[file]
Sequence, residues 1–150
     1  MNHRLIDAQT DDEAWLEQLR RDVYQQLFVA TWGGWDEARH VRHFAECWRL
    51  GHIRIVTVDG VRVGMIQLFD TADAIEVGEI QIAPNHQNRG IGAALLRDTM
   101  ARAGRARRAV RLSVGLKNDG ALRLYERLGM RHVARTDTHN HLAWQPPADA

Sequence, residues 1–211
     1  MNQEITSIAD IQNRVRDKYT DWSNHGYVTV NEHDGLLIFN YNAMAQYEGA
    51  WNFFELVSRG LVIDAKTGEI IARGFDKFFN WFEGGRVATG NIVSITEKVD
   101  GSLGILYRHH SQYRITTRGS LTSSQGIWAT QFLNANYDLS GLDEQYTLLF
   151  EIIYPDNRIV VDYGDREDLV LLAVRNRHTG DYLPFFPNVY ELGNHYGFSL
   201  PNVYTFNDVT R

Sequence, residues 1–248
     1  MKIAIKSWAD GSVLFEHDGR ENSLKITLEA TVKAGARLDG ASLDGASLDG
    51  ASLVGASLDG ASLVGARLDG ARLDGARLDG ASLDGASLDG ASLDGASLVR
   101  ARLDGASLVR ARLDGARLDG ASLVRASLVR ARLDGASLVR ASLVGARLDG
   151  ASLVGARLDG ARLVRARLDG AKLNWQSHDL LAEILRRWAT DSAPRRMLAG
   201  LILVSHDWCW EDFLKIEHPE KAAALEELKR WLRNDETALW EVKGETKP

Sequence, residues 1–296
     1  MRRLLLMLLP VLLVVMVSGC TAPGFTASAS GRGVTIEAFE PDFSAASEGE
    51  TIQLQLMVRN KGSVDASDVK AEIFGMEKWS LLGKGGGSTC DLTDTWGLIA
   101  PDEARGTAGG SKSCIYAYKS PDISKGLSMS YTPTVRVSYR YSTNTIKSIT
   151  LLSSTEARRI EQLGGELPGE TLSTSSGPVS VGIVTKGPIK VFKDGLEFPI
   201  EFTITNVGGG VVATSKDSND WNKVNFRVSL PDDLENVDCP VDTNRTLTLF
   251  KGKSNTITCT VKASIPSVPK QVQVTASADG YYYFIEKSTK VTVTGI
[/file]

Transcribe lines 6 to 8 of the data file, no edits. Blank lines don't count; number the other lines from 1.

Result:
     1  MNQEITSIAD IQNRVRDKYT DWSNHGYVTV NEHDGLLIFN YNAMAQYEGA
    51  WNFFELVSRG LVIDAKTGEI IARGFDKFFN WFEGGRVATG NIVSITEKVD
   101  GSLGILYRHH SQYRITTRGS LTSSQGIWAT QFLNANYDLS GLDEQYTLLF